VILLANOVA, Pa. – In the study of English literature, mid-19th century Irish novels have often been overlooked, according to Mary L. Mullen, PhD, assistant professor of English at Villanova University. In Novel Institutions: Anachronism, Irish Novels and Nineteenth Century Realism (Edinburgh University Press, 2019), she shows the importance of these Irish novels to understanding British realism. The book claims that novels by Irish writers like Maria Edgeworth, William Carleton, Charles Joseph Kickham, and George Moore help us reinterpret novels by English writers like George Eliot and Charles Dickens.
In Novel Institutions, Dr. Mullen examines anachronisms in realist writing to redefine British realism and demonstrate how institutions constrain social relationships in the present—and limit our sense of political possibilities in the future.
“Novel Institutions considers the ways in which institutions configure, regulate and foreclose time in that powerful 19th century form we call realism,” notes scholar Elaine Freedgood, PhD, a professor of English at New York University. “Mullen’s readings of a largely unstudied cache of Irish novels suggest that we are not obligated to inhabit the futures the dominant novel imagines for us, and that reading time out of joint can offer very realistic hope for changing the institutions that we inhabit.”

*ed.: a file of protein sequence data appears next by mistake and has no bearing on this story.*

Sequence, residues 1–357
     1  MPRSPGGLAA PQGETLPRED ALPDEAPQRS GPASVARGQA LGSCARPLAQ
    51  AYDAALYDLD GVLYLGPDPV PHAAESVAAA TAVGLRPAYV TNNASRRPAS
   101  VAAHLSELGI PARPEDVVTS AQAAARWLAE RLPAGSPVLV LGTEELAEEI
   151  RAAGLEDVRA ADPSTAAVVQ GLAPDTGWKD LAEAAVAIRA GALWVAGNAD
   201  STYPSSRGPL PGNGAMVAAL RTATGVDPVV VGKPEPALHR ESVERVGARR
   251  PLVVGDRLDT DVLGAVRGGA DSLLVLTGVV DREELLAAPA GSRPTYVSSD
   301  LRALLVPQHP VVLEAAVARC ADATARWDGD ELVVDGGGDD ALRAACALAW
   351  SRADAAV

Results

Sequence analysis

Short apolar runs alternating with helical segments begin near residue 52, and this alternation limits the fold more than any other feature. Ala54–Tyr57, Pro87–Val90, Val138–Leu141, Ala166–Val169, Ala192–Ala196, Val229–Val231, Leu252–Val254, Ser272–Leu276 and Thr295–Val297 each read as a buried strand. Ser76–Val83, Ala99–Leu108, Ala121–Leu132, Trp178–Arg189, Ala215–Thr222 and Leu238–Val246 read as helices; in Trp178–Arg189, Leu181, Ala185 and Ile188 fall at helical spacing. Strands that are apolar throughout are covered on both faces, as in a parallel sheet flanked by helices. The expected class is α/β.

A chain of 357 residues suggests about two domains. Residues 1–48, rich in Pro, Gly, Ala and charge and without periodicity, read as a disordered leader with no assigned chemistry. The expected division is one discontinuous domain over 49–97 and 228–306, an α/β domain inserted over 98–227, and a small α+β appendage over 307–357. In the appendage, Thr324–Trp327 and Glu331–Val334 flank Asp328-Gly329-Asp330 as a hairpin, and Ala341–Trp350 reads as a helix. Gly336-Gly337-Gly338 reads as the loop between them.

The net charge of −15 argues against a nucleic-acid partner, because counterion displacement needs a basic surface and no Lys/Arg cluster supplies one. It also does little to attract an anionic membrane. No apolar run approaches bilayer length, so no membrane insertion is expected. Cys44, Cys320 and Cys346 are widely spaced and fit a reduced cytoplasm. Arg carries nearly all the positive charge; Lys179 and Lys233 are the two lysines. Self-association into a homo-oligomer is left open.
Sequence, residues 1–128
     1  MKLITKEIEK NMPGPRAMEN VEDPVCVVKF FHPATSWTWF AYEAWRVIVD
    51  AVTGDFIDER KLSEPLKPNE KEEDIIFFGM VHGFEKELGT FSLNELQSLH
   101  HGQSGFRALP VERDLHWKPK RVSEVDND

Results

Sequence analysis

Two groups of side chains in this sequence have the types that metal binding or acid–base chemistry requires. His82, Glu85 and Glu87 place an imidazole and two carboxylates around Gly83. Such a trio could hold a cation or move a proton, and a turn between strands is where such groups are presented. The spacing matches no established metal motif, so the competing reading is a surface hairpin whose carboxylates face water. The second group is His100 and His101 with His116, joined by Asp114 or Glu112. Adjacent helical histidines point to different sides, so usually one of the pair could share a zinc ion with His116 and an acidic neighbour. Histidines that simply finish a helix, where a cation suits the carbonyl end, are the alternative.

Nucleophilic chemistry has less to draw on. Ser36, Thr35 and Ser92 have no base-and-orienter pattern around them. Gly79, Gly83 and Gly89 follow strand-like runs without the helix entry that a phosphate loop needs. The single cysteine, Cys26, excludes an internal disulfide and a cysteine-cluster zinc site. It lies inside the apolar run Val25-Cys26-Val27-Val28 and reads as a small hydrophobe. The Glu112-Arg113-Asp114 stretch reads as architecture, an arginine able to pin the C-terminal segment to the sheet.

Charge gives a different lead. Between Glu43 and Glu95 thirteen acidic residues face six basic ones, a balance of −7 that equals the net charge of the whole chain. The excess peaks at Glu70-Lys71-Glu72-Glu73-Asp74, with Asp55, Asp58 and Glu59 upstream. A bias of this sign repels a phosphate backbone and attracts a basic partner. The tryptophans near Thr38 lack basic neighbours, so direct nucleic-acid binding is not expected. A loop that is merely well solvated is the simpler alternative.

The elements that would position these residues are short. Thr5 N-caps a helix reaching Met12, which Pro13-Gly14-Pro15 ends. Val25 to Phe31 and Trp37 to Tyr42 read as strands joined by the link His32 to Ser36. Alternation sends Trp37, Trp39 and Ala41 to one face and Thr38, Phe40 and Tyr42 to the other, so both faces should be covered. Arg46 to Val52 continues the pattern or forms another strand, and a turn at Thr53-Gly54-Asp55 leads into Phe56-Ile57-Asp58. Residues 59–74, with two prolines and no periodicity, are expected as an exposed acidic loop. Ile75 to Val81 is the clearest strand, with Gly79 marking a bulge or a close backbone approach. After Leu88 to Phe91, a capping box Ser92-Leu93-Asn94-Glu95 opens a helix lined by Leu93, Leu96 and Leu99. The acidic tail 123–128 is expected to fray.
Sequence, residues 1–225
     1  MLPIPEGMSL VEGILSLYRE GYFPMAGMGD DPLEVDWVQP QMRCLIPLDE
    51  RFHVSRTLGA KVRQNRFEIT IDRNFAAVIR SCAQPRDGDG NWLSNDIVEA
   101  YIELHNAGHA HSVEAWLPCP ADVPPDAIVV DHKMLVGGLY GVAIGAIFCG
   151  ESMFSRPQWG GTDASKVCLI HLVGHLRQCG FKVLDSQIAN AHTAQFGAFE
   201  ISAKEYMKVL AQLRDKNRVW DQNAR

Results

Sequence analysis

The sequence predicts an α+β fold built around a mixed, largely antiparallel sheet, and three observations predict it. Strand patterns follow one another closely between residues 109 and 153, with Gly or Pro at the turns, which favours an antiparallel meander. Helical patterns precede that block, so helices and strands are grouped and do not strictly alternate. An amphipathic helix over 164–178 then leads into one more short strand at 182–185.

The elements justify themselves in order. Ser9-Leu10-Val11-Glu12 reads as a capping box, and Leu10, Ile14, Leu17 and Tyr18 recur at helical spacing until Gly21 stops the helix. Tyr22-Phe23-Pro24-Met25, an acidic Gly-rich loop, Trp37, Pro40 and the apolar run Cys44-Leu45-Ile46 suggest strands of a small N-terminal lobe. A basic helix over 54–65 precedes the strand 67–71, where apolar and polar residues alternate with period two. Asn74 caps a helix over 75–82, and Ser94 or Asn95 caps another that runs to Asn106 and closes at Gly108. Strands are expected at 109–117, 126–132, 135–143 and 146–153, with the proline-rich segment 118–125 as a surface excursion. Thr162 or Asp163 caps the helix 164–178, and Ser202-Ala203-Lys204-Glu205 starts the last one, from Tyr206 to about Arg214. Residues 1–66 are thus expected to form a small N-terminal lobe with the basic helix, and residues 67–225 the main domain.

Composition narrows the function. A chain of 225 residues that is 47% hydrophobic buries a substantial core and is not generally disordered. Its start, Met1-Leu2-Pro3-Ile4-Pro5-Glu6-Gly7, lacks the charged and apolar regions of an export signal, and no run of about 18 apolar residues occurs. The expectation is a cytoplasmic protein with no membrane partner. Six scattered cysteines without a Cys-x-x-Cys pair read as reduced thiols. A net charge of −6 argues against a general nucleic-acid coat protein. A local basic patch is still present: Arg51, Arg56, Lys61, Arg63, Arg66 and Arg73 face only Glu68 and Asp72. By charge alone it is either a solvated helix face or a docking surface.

The book was recently awarded the 2019 Robert Rhodes Prize for Books on Literature from the American Conference for Irish Studies, which called it “a fascinating study that reassesses both literary histories and current scholarship about the realist novel.”
Established in 1960, the American Conference for Irish Studies encourages research and writing in Irish studies by establishing communication among scholars in Irish history, literature, folklore, language, social studies, and fine and applied arts.
In addition to teaching English, Dr. Mullen serves as a faculty member of Villanova University’s Center for Irish Studies in Villanova’s College of Liberal Arts and Sciences. Her research and teaching focus on the relationship between literature, history and politics with an emphasis on nineteenth-century English and Irish writing. Her articles have been published in Victorian Studies, Victorian Poetry, Eighteenth-Century Fiction, New Hibernia Review and Cultural Studies. This is her first book. Dr. Mullen holds a doctorate from the University of Wisconsin-Madison.